penthouse roof garden 50m²
Spending time between the Essex countryside and Central London, our clients benefit the best of both worlds, enjoying a divergent yet rewarding polarity of a country landscape garden and an urban roof garden. Living aloft, however alluring, does present its complexities, from tedious lift journeys to hundreds of neighbours, parking hassles, restricted access and the constant crane construction of commercial building sites. Up on the rooftop, the howling wind is indeed a force of nature, while eternal pollution tarnishes every surface, and intense sunrays at times prove rather unbearable. Nevertheless, immersed in the Barbican's cultural crucible, with easy routes into East of England and breathtaking views 400 feet above the city centre, this penthouse roof garden's owners have certainly coordinated optimal liveability factors par excellence – interlinked by reciprocal design elements.
London's skyline gets updated pretty much on a monthly basis with heaps of new and at times rather peculiar edifices. Mooning surreally along the Gherkin's pinnacle while sat in their living room, our clients remain oblivious to all the constructional kerfuffle materialising right outside their doorstep, where triple glazing, a triplex accommodation and a triad of roof terraces create the well-havened foreground for a spellbinding skyscraping anthology. From the O2 to St Paul's Cathedral and the London Eye, there are historic architectural domes galore in this iconic backdrop, steadily multiplying, diversifying and powwowing in tumultuous clusters. On the roof terraces, we all sought to improve the context of this city landscape – delineated not only in geometric planter shapes, colour palettes and outdoor lighting, but also via the greater viewability of an elevated lookout platform – apt for both the Barbican's etymology and Cromwell Tower's partially obscured views.
The Barbican Estate's architectural juxtapositions of curvilinear and rectilinear forms are reiterated in sequences of correlative, bespoke roof terrace planters. The aquamarine and alabaster powder-coatings form a crisp, fresh contrast, mitigating the sternness and colossality of a 1970's grade II listed building and its vast framework of in-situ concrete. The obsolete exoticness of brutalist architecture pivoting this trio of towers remains a Central London landmark, exemplifying the most ambitious post-WW2 residential regeneration project in the capital. Surpassed height-wise only by Pan Peninsula's East Tower by 24 metres, 4 decades later on, the 2,000 apartments which comprise this urban wonder regularly take on new owners with contemporary visions. Although decorative optionality remains somewhat restrictive, the blankness of the outdoor spaces enables creating modern roof gardens with present-day recreational vigour in the exclusiveness of London's most epical of locations and its jaw-dropping panoramas.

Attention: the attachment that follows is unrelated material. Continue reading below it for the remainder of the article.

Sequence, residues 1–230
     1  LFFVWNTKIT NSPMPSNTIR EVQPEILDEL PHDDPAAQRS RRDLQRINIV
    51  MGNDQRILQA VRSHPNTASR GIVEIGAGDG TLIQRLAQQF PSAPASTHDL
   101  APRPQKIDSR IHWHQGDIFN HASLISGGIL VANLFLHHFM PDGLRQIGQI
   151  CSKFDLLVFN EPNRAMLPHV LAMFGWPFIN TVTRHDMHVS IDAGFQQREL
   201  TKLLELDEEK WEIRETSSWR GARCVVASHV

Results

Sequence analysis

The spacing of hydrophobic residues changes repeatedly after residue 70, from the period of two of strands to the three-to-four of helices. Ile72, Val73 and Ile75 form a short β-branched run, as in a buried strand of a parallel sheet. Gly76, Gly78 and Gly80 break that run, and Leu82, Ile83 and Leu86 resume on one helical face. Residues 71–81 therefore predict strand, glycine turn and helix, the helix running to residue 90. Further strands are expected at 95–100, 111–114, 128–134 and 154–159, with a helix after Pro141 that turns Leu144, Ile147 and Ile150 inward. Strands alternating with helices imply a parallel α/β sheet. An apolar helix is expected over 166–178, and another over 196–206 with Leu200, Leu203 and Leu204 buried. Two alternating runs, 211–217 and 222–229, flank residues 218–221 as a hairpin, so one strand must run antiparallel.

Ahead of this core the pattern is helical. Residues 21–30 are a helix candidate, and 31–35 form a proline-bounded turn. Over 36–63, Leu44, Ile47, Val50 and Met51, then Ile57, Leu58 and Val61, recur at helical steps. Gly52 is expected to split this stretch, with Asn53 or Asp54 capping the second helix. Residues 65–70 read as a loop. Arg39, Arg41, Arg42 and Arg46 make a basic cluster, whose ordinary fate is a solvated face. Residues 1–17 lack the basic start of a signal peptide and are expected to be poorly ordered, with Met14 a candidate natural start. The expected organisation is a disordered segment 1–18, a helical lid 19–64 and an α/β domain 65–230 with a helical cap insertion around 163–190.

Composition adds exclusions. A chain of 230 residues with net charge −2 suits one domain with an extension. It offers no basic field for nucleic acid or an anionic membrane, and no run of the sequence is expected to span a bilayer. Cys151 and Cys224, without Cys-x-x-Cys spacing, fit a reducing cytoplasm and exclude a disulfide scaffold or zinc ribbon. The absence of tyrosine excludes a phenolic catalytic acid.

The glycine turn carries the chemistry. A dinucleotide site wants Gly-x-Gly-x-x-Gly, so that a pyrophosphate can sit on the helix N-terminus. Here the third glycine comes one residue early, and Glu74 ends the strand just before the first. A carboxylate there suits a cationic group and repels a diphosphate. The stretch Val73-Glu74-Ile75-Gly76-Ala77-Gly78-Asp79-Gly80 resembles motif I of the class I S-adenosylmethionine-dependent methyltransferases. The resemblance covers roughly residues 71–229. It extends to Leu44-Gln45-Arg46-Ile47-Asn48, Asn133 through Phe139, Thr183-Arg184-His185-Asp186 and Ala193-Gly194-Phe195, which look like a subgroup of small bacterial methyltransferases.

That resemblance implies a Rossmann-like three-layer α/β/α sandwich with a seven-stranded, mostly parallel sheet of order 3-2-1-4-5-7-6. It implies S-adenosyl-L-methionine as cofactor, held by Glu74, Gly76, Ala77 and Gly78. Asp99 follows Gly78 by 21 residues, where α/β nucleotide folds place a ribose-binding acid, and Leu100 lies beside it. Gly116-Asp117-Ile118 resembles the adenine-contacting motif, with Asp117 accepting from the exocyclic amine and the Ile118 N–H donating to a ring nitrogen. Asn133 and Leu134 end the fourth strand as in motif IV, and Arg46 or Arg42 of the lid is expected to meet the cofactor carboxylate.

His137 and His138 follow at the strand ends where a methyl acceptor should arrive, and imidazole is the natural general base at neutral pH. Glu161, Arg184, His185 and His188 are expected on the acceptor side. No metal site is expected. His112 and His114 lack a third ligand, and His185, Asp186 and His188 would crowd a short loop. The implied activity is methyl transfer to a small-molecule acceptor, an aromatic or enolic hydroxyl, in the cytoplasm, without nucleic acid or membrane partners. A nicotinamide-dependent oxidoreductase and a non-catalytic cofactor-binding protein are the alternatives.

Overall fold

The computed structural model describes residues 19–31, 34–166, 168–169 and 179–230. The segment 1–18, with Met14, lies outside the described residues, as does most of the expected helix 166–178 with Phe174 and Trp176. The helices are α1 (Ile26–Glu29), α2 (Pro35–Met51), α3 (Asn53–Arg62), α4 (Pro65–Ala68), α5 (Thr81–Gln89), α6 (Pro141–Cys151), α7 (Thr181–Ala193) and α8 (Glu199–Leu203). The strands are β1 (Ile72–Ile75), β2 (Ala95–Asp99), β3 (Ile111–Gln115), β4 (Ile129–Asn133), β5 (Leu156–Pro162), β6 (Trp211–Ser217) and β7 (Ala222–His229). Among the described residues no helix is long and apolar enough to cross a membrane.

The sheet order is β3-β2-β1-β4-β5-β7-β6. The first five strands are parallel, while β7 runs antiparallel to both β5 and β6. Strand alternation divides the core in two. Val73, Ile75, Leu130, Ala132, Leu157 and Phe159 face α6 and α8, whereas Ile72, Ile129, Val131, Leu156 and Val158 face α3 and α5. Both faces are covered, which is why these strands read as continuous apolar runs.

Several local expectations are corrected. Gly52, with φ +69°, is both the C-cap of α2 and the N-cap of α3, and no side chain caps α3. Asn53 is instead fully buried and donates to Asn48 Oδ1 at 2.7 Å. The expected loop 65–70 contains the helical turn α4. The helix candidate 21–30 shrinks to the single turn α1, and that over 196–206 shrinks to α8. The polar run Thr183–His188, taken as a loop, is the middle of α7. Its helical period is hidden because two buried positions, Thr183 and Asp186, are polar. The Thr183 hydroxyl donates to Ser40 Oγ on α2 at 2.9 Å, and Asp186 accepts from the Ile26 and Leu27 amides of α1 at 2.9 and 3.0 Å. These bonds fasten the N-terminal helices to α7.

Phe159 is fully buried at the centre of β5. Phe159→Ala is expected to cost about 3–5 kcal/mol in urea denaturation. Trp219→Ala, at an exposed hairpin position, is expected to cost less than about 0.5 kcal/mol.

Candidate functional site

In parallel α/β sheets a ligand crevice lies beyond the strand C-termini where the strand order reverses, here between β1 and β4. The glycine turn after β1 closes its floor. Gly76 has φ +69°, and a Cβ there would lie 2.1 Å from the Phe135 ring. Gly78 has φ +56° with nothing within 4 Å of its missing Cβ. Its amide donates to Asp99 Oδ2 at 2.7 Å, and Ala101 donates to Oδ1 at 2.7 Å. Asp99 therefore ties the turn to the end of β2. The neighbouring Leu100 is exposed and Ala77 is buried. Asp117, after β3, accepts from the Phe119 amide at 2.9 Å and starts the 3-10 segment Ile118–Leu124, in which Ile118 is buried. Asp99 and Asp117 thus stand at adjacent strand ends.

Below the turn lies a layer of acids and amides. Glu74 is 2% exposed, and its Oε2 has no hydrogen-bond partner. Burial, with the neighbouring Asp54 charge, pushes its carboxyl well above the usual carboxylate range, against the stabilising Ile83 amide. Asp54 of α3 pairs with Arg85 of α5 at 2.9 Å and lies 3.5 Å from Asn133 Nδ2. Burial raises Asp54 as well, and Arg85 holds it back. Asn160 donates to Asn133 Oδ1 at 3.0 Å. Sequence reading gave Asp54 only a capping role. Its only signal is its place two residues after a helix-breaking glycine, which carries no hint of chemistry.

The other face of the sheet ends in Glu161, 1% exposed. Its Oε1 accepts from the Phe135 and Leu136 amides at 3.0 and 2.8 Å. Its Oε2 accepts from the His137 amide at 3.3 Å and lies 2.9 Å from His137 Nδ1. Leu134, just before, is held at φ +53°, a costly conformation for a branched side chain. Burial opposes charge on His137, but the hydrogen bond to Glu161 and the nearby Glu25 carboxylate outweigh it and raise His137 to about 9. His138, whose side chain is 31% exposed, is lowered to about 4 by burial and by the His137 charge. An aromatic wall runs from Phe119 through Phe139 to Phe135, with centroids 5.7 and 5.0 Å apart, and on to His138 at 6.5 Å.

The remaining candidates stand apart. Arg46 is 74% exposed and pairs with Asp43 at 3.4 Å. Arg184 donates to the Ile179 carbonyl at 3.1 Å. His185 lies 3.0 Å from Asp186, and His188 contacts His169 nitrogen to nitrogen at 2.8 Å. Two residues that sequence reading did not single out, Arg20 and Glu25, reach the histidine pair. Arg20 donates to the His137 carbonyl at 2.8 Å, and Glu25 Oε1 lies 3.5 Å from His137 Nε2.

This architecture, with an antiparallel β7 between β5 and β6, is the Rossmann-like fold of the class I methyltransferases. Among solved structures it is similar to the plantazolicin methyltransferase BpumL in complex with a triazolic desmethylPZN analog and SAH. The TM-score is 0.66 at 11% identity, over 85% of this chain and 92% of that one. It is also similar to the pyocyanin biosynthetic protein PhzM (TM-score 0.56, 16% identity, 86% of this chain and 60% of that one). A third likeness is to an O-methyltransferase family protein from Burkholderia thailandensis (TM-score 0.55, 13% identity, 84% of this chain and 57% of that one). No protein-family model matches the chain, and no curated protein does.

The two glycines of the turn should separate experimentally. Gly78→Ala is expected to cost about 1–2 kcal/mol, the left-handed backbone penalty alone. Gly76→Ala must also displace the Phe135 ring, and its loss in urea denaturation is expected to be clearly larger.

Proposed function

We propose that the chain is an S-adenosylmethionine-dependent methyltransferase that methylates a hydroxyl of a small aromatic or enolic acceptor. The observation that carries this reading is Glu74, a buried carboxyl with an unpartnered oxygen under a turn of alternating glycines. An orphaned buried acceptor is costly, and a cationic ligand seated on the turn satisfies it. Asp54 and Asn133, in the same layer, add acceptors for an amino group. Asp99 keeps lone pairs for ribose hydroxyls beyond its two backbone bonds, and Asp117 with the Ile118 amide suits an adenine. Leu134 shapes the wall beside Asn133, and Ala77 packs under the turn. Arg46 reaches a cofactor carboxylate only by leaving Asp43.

Interestingly, unlike the highly dense accommodation ratio of today's urban blocks and their conspicuous lack of outdoor water necessities, the tower's apartment suites were sagaciously equipped with bib taps in the capaciousness of 3 flats per floor. This efficiency of apparatus and broadness of balance facilitates a continuance of rooftop garden landscaping within adaptive and skyline-merged planting blueprints, even though in the vacuum of sombre architecture. Here, habitability is bolstered by structural plants which cloak an archetypal concrete jungle with Ginkgo, Red birch and Olive trees, enveloped by grasses, sedges, ferns, Tasman lilies and even Chinese bamboo in sheltered alcoves. In a truly harsh microclimate, these exceptionally resilient and supremely sculptural floras epitomise sustainable urbanisation through the decades – here, at the very zenith of Cromwell Tower.